largest proposed sequence number by this member, and N is the total number
   of members in the multicast group.
3. When the sender has received the proposed sequence number from all the
   members, it selects the largest one as the final sequence number for the
   message and sends it to all members in a commit message. The chosen final
   sequence number is guaranteed to be unique because of the term i/N in the
   function used for the calculation of a proposed sequence number.
4. On receiving the commit message, each member attaches the final sequence
   number to the message.
5. Committed messages with final sequence numbers are delivered to the
   application programs in order of their final sequence numbers.




                                      104
Causal Ordering

       For some applications consistent-ordering semantics is not necessary and
even weaker semantics is acceptable. Therefore, an application can have better
performance if the message-passing system used supports a weaker ordering
semantics that is acceptable to the application. One such weaker ordering
semantics that is acceptable to many applications is the causal ordering
semantics. This semantics ensures that if the event of sending one message is
causally related to the event of sending another message, the two messages are
delivered to all receivers in the correct order. However, if two message-sending
events are not causally related, the two messages may be delivered to the
receivers in any order. Two message-sending events are said to be causally
related if they are correlated by the happened-before relation.




                         Causal ordering of messages




                                      105
      One method for implementing causal-ordering semantics is the CBCAST
protocol of the ISIS system. It assumes broadcasting of all messages to group
members and works as follows:

1. Each member process of a group maintains a vector of n components, where
   n is the total number of members in the group. Each member is assigned a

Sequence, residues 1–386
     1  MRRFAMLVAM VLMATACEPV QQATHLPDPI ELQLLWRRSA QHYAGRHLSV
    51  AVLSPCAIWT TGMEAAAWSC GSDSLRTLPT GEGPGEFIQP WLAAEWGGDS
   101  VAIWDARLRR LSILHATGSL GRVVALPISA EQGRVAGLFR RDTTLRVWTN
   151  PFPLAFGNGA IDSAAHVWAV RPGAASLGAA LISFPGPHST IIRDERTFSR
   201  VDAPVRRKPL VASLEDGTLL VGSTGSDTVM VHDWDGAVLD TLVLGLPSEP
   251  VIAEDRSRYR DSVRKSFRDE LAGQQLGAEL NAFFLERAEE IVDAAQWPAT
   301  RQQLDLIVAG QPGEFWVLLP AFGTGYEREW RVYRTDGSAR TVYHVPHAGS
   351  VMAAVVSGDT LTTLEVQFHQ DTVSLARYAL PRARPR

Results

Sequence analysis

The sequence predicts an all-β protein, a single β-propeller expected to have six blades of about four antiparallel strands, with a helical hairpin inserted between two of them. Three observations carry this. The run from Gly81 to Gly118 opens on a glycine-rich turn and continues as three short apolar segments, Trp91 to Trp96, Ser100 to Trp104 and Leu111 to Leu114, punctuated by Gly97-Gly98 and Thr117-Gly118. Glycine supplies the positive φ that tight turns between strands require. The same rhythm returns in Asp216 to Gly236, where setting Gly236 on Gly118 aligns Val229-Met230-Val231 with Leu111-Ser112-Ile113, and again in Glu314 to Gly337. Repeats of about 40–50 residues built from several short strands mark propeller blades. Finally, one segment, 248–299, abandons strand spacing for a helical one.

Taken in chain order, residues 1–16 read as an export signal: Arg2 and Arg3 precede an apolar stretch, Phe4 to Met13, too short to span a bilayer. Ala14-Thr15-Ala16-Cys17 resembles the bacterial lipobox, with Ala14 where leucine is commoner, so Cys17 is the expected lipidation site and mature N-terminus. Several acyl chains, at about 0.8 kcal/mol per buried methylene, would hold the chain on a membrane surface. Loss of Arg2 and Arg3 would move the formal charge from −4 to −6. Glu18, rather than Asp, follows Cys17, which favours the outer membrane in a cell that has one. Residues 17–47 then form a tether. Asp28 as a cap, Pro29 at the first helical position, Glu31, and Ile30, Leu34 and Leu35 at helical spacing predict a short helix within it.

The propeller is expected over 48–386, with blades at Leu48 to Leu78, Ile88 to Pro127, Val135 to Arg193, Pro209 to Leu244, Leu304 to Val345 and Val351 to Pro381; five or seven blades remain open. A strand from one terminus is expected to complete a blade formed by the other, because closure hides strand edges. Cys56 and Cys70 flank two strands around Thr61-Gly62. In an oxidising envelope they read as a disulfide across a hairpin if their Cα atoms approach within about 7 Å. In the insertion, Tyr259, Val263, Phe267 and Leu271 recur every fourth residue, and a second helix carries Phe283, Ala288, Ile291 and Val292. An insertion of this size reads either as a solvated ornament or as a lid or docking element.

sequence number from 0 to n-1, and the i-th component of the vectors
   corresponds to the member with sequence number i. In particular, the value
   of i-th component of a member’s vector is equal to the number of the last
   message received in sequence by this member from member i.
2. To send a message, a process increments the value of its own component in
   its own vector and sends the vector as part of the message.
3. When the message arrives at a receiver process’s site, it is buffered by the
   runtime system. The runtime system tests the two conditions given below to
   decide whether the message can be delivered to the user process or its
   delivery must be delayed to ensure causal-ordering semantics. Let S be the
   vector of the sender process that is attached to the message and R be the
   vector of the receiver process. Also let i be the sequence number of the
   sender process. Then the two conditions to be tested are:

   1. S[i]=R[i]+1
   2. S[j]<=R[j] for all j not equal i




      The first condition ensures that the receiver has not missed any message
   from the sender. This test is needed because two messages from the same
   sender are always causally related. The second condition ensures that the
   sender has not received any messages that the receiver has not yet received.
   This test is needed to make sure that the sender’s message is not causally
   related to a message missed by the receiver.
      If the message passes these two tests, the runtime system delivers it to the
   user process. Otherwise, the message is left in the buffer and the test is
   carried out again for it when a new message arrives.




                                         106
An example to illustrate the CBCAST protocol for implementing causal
                           ordering semantics




                                107
Causal ordering of messages – formal description and algorithms


A distributed system guarantees causal ordering of messages iff the following
implication holds:


(send(m1)       
                                         
                     send(m2)) => (rec(m1)  rec(m2)
                                            l




Example:

            1             2
        e             e
P           1             1
 1